If you are a frequent visitor of whatchareading.com, you’ll know comics reviewed on a daily basis, such as Grimm Fairy Tales and Robyn Hood are published by Zenescope Entertainment. They have a wide range of titles which are all equally entertaining and fun to read. The main theme of the titles is a new take on classic fairy tale characters. I personally have become a huge fan of Zenescope and it was only natural that my latest interview be with the editor and writer of titles such Wonderland and Steampunk, Mr. Patrick Shand. We talked about everything from his inspiration, to what’s in store for the characters and Zenescope.
Joe Grodensky: The first Zenescope comic I ever read and reviewed was the Guardians trade paperback which I found to be a fun story and got me into Zenescope going forward. The first of your Zenescope material I read was the Steampunk series. What gave you the idea to take fairy tale characters, turn them upside down and give the readers something completely different?
Pat Shand: You know, Zenescope has been doing that for years, even before I came on. By the time I started writing for them, they’d already gotten away from sticking to the exact fairy tales and had developed a pretty in-depth universe, not unlike Top Cow did with their Witchblade and Darkness stuff. The characters Zenescope had weren’t beholden to the mythology or fairy tales they came from, so creating within that universe didn’t really have any different rules than any other comic book shared universe. I introduced characters like Wulf and Wiglaf, inspired by Beowulf, and Robyn and Marian from Robyn Hood who obviously come from the Robin Hood ballads, but from the start my goal was to make sure they stood on their own as modern, engaging, original characters, despite being distantly inspired by their namesakes. I give little winks to the originals at times, especially when writing the main Grimm Fairy Tales books, but I went into this wanting to create something so new that people who were drawn to the books because they liked the originals got the chance to fall in love with a new and wholly different character, rather than just a copy.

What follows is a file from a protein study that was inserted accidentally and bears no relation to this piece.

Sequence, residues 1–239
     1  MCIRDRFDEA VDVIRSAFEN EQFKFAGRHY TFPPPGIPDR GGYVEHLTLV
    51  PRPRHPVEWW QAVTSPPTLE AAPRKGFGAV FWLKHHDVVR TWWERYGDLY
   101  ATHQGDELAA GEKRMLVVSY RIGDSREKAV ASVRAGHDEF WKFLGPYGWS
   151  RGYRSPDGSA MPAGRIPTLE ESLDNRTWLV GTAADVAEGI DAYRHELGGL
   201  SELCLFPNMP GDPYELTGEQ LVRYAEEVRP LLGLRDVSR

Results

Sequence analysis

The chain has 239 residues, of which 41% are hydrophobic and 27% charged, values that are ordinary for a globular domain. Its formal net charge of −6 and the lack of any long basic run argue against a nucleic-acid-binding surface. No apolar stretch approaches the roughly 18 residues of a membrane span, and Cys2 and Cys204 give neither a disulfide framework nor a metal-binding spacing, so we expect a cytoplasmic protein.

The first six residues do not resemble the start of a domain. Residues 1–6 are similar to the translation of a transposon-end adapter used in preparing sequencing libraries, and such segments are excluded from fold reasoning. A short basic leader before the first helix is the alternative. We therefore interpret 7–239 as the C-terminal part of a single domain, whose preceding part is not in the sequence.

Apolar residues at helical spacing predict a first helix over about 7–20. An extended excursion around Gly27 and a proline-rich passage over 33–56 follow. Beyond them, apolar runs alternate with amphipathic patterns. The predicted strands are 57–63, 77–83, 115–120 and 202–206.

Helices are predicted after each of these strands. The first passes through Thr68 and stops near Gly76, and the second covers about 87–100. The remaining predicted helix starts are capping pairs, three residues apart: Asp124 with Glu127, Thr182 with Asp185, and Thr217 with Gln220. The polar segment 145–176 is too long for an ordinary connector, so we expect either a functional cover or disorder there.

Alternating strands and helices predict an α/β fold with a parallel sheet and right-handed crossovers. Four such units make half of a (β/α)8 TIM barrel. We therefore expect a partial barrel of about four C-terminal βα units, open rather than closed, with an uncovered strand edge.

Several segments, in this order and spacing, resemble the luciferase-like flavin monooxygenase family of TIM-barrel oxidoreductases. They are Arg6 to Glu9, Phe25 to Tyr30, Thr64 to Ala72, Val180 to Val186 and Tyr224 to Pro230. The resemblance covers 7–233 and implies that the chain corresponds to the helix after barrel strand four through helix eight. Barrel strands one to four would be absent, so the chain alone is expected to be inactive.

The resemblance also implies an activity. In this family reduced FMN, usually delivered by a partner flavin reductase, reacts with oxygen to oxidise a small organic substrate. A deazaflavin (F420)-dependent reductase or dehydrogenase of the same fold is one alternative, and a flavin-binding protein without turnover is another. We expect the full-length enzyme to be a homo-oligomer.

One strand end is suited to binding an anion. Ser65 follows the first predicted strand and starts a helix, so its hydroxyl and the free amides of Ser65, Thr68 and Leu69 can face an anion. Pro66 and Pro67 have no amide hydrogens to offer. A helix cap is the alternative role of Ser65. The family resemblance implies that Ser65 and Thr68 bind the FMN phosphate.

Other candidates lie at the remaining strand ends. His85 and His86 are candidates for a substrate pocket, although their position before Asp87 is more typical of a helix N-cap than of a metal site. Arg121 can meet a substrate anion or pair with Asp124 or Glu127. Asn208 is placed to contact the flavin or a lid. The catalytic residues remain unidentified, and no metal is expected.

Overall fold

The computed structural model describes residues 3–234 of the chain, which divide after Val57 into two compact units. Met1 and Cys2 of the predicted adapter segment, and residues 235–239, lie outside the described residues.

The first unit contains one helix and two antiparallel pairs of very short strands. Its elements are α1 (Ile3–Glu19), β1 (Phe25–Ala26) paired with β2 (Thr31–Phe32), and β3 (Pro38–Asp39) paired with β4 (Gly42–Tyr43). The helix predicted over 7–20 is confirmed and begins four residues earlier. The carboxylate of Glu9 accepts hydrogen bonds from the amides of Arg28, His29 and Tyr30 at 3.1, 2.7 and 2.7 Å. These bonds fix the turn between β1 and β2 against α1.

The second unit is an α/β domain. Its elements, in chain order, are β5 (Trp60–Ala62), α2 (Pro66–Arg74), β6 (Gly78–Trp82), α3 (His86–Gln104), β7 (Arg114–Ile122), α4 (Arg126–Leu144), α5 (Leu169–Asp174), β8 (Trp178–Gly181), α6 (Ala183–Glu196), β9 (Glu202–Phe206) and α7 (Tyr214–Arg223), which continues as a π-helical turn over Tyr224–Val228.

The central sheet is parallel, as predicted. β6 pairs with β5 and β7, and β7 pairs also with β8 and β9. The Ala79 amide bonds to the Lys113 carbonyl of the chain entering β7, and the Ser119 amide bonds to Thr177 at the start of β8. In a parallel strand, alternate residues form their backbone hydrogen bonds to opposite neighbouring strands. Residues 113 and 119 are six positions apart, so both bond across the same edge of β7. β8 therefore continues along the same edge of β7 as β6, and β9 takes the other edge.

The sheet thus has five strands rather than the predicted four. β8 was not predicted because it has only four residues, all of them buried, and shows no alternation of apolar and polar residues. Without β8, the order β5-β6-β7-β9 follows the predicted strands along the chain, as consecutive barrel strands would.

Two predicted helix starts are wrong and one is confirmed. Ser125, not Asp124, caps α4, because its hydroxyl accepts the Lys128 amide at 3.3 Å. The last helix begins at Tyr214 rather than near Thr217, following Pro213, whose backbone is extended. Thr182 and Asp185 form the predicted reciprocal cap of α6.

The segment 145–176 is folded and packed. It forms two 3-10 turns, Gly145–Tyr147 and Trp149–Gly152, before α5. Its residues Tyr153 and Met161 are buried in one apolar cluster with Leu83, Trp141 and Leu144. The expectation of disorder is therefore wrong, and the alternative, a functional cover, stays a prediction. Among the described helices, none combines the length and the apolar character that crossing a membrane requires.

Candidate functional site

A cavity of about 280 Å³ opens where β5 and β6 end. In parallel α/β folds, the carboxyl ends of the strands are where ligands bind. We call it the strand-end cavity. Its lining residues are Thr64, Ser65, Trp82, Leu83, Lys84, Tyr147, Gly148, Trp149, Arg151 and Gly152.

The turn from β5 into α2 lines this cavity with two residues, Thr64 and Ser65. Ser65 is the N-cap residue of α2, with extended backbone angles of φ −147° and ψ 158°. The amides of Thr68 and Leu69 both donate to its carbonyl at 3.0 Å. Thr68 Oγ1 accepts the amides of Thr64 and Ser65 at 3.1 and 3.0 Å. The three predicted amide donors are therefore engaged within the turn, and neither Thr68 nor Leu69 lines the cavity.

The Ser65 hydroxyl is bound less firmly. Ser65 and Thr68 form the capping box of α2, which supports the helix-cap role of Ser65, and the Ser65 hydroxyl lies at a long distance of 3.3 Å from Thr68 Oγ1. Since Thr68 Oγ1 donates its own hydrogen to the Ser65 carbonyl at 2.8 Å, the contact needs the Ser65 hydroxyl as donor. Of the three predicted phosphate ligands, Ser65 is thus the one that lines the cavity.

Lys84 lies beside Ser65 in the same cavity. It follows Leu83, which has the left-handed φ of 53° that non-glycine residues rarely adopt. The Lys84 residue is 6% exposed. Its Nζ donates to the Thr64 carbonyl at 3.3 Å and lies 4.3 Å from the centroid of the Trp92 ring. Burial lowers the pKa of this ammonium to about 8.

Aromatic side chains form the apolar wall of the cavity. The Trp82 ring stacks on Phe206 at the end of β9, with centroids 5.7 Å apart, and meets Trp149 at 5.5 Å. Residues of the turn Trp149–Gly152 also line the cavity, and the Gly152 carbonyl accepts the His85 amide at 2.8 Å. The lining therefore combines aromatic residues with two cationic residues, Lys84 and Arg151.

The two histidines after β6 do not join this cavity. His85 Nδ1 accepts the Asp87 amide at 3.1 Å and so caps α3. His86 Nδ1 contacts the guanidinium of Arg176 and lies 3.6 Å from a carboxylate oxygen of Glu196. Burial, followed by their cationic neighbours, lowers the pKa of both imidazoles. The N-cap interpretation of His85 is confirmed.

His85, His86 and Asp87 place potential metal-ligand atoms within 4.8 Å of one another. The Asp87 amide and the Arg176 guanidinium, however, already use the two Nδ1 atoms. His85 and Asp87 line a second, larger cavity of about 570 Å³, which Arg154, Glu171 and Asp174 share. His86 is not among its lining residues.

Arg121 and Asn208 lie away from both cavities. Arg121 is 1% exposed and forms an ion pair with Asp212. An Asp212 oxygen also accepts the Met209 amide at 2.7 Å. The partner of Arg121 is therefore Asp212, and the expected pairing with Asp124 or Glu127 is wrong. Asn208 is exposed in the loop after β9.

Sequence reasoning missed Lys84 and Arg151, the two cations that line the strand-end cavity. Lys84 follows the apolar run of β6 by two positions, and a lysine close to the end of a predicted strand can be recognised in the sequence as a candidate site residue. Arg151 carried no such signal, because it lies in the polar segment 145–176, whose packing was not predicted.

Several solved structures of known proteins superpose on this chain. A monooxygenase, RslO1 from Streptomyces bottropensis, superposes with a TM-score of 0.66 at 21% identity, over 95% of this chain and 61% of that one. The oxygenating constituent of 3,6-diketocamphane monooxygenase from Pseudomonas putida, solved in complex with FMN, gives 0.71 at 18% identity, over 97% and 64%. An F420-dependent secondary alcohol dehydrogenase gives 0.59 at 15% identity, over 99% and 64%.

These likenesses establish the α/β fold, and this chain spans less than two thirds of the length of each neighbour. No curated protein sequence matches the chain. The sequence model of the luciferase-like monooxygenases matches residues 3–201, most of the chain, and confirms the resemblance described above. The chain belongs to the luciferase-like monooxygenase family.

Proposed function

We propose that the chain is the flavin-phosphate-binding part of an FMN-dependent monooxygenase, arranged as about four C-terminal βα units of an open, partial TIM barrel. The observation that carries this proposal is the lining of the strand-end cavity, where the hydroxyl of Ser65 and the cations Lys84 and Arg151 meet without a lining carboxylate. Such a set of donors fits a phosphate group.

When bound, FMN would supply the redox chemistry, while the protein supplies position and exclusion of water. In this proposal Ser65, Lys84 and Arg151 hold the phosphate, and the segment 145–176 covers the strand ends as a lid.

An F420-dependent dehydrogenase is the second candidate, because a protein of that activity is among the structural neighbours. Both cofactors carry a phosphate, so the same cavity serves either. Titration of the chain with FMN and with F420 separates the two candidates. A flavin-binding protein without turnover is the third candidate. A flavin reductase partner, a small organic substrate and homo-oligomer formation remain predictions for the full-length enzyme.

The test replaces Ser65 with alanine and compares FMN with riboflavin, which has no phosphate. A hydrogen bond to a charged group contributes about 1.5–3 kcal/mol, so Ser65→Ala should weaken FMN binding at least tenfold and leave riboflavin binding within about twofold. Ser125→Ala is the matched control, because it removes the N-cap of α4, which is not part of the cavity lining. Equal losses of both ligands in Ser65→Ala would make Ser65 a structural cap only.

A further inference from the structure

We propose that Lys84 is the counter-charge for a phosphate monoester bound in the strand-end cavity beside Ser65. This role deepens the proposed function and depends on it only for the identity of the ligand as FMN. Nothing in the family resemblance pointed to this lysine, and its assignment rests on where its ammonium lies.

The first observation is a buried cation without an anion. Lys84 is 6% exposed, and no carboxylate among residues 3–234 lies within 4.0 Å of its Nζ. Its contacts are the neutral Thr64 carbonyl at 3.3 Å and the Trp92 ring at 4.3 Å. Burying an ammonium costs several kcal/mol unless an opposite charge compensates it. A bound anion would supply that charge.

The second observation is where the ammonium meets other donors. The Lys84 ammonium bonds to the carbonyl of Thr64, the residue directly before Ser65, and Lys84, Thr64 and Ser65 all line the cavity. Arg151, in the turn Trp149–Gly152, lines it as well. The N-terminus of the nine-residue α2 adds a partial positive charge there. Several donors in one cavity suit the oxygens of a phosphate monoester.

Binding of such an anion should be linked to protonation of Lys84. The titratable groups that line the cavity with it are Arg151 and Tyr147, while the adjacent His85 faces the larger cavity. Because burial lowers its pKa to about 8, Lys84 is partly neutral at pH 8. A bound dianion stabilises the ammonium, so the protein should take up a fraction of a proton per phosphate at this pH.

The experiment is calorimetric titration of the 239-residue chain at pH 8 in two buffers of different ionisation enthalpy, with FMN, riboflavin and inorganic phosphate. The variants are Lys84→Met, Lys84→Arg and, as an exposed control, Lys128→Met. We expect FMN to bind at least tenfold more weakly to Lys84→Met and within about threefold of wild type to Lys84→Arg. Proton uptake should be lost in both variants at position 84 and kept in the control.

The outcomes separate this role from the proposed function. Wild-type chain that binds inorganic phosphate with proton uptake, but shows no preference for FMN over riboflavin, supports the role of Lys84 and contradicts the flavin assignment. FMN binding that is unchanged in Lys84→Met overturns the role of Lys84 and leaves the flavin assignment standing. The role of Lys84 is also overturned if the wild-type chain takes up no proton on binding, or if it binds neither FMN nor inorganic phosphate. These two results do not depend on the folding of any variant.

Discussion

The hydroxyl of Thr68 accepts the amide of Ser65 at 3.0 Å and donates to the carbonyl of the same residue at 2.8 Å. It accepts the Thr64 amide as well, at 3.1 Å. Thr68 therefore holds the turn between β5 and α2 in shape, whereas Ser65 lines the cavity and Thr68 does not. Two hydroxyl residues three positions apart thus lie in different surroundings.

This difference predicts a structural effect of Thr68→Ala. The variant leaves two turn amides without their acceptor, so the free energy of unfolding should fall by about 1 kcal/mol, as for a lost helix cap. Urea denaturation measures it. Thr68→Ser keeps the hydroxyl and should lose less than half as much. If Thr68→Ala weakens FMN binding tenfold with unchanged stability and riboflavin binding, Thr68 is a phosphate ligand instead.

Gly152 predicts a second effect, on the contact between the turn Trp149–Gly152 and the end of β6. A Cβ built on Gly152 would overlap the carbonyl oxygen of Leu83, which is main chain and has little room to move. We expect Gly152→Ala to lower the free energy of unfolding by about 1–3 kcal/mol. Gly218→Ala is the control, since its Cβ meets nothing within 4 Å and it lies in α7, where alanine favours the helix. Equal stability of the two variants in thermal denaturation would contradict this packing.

JG: The traditional Robin Hood is a man who robs from the rich and gives to the poor in Sherwood Forest. What inspired you to create Robyn Hood, a blonde female living in New York City?
PS: Zenescope came at me in 2012 with the concept of a female-led Robyn Hood, and the structure of the first issue. I spun that off into what has now been running for four years, and we’re coming up on releasing our 39th and final issue in April. Robyn Hood has been super close to my heart, and so much of what I was going through as a person is within those pages. It means very, very much to me. Of all the titles I’ve worked on, it’s also the one that readers are by far the most passionate about, so that’s been so rewarding.
JG: One issue that was a personal favorite of mine is Grimm Fairy Tales #119 because it reminds me of something out of X-Men with the students learning their powers and abilities. What were your comic book/literary influences growing up that made you want to write comics and eventually write Grimm, Steampunk, etc.?